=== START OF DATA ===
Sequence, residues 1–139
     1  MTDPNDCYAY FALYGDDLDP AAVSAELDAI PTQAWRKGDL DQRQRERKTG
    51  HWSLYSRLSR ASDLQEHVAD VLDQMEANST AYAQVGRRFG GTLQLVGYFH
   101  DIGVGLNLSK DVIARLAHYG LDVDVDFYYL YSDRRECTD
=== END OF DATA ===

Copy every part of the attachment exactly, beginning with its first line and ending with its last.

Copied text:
Sequence, residues 1–139
     1  MTDPNDCYAY FALYGDDLDP AAVSAELDAI PTQAWRKGDL DQRQRERKTG
    51  HWSLYSRLSR ASDLQEHVAD VLDQMEANST AYAQVGRRFG GTLQLVGYFH
   101  DIGVGLNLSK DVIARLAHYG LDVDVDFYYL YSDRRECTD